Gently comb around the skirt and trim the ends. Be very careful not to cut close to the skin, and when trimming around your rabbit’s behind, try not to pull the fur too much. If she is twitching, it is a little distressing, work slowly and gently.
This short video steps you through the process visually, and the bunnies are super cute!
If your lionhead rabbit has a longer skirt around its rear legs and bottom, this video is a great additional tutorial. It covers how to give your lionhead rabbit a haircut in those areas:
Useful Tools for Giving Your Lionhead Rabbit a Haircut
Bathing a Lionhead Rabbit
There is quite some controversy about whether spot-washing should be used with Lionhead rabbits. In one of our previous articles, we discussed that you could potentially put them into shock by drastically changing a rabbit’s body temperature when giving them a bath.
So, if your rabbit is particularly grubby, think again if you feel they could do with a tub! Instead of a regular submersion bath, err on the side of caution and make spot-washing your go-to method for grooming your rabbit thoroughly.
When you spot clean a rabbit, use a damp washcloth to ease out any stains or dirt from your rabbit’s fur. You can also dip the cloth into a small amount of gentle bunny-safe soap if you find a stubborn spot to clean.
You also want to ensure that your Lionhead rabbit’s mane doesn’t become too long. Not only does long hair obstruct the rabbit’s vision, but the scratching sensation of the hair on their eyes is both not advisable and uncomfortable. So please make this a priority and regularly trim the mane to keep it at a manageable length.
Are Lionhead Rabbits Easy to Care For?
Many find that owning a Lionhead rabbit is a great first choice for rabbit species. They are generally calm in demeanor and have surges of playfulness that will keep any owner on their toes.
Because many Lionhead rabbits do not grow very large, they are the perfect animal for those introducing themselves into the pet rabbit fraternity. However, be extra careful if you already have dogs and cats in your house before introducing your new Lionhead rabbit to the family. Allowing dogs and cats to mingle unsupervised with rabbits could have disastrous outcomes.
It is also vital that whenever you introduce any additional pet to your home, they must be allowed to socialize with other household pets. This observation is a must for all Lionhead rabbits! Nevertheless, if you think your rabbit is showing signs of distress, or your dog or cat, for instance, hasn’t extended a warm paw of friendship, you will need to ensure your rabbit is always safe from potential conflict. If this means keeping your rabbit separate from your other pets, then so be it.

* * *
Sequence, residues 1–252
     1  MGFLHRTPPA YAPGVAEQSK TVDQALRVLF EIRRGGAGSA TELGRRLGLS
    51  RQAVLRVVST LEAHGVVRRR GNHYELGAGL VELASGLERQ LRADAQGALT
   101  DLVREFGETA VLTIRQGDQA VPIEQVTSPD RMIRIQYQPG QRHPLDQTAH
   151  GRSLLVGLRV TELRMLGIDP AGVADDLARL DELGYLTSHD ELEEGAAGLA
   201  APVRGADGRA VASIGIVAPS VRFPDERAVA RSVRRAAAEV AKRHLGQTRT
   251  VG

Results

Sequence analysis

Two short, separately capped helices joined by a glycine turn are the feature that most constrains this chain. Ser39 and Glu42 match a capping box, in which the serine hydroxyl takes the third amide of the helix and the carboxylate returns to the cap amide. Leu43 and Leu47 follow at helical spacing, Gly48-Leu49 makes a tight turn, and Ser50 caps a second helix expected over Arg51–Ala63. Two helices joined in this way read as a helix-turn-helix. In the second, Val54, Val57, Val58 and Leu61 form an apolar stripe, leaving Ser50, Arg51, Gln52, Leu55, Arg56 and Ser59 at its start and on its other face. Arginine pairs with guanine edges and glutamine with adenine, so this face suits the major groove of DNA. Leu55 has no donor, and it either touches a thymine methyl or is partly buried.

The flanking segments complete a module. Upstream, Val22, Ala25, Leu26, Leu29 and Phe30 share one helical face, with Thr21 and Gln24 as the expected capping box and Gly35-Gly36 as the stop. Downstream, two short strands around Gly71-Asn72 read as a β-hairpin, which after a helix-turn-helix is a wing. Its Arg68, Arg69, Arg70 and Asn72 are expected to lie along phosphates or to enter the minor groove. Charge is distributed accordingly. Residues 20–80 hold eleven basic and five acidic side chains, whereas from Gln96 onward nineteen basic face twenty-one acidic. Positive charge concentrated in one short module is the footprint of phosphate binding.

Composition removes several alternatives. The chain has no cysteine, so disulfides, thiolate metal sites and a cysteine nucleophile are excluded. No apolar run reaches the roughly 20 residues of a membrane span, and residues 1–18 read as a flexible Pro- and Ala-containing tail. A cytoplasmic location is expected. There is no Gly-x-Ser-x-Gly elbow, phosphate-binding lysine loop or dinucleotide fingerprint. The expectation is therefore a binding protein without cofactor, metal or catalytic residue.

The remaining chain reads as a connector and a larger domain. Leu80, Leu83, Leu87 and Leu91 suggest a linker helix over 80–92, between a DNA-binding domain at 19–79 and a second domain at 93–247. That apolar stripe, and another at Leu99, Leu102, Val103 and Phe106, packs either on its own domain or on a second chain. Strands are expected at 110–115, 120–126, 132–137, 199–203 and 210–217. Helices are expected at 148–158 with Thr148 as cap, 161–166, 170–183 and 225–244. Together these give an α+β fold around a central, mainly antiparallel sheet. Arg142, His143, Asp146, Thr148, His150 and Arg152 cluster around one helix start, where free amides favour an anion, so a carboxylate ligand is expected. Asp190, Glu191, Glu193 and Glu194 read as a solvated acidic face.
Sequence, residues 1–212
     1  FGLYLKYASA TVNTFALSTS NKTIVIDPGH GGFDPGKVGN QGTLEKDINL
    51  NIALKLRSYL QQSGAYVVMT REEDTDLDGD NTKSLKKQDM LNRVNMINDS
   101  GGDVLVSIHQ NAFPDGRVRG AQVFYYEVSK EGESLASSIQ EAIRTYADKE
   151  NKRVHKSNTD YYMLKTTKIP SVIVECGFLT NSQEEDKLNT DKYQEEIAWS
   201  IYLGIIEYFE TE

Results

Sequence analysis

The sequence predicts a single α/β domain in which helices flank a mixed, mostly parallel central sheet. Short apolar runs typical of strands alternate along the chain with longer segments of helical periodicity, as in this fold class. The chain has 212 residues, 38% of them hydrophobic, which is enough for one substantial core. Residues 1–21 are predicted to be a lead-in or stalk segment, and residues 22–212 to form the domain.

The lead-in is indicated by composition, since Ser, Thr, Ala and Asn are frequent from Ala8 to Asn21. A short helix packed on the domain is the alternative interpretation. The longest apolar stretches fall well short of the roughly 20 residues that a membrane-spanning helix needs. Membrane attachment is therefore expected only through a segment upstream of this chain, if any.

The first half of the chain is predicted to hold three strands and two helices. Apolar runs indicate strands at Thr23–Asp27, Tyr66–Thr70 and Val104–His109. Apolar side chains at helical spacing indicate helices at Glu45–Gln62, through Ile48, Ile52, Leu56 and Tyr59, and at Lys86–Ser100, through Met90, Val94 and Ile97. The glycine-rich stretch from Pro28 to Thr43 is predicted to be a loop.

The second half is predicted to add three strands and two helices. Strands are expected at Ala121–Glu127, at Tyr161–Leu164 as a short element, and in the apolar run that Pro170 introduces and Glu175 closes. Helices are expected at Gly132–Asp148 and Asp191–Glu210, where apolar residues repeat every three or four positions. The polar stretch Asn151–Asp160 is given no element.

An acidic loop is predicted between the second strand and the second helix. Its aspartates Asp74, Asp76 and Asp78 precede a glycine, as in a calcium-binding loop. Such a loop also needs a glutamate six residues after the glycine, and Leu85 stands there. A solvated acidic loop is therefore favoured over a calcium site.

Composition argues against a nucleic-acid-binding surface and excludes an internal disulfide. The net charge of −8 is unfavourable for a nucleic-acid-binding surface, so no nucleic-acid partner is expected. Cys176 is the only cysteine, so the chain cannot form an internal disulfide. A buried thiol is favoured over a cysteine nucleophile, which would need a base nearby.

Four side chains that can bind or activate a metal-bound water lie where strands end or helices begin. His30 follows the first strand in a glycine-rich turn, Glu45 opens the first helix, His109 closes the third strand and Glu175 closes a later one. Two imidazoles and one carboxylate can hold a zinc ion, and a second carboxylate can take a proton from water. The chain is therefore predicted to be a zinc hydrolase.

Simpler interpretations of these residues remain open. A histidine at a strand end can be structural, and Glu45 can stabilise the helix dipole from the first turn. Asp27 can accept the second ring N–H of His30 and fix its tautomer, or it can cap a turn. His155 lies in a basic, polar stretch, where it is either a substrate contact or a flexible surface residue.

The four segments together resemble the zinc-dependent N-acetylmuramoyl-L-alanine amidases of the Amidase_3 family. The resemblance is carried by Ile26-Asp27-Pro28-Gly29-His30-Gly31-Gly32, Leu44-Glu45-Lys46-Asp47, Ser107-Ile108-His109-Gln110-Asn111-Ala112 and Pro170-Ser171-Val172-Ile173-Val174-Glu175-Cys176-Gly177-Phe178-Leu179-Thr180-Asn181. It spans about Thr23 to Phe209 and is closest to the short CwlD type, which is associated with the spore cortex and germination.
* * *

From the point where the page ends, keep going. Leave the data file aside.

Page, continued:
Are Lionhead Rabbits High Maintenance?
A rabbit’s dense fur can make them susceptible to overheating. This condition, also known as ‘hyperthermia’, is easier to prevent than treat. If we put ourselves into the shoes of our Lionhead rabbit, imagine not having someone cut your hair and needing to deal with the sweltering heat outside. It would be very uncomfortable!
Many Lionhead rabbits struggle with overheating. When their coats and manes are not groomed or become too long, you may find that their core body temperature starts to rise, and they begin to develop erratic behavior.
Not only can this erratic behavior be somewhat unsettling, but your Lionhead rabbit will start to show signs of not wanting to eat or drink and may require veterinarian intervention. So, keep a sharp eye out for these signs, and if you have any concerns, consult with your vet.
Another consideration is bacterial infections, known as pyoderma. Along with fungal infections, both skin conditions can occur when your rabbit lives in a warm and moist environment. So, in addition to hyperthermia concerns, heat can also be the perfect breeding ground for bacteria and fungal infections and further predisposes your rabbit to a preventable visit to the veterinarian.
By being vigilant during regular grooming sessions with your Lionhead rabbit, you are more than likely to detect any skin infections. And don’t let your rabbit overheat!
Do You Have to Cut Lionhead Rabbits Hair?
Grooming your lionhead is an important part of the daily care routine. You should always groom your lionhead rabbit, which includes giving your bunny a haircut. These routine haircuts can help you keep your rabbit in tip-top shape and keep their pen area in a cleaner condition.
If you leave the hair alone and don’t remove matted, tangled fur, the fur will build up on your lionhead rabbit, causing pain and discomfort. It’s very important to remove all matted hair. If you fail to groom your lionhead regularly, the chances are that you will need to take your lionhead to a professional groomer.
Grooming your lionhead rabbit helps you to bond with your bunny and is a great way to show them that you love them.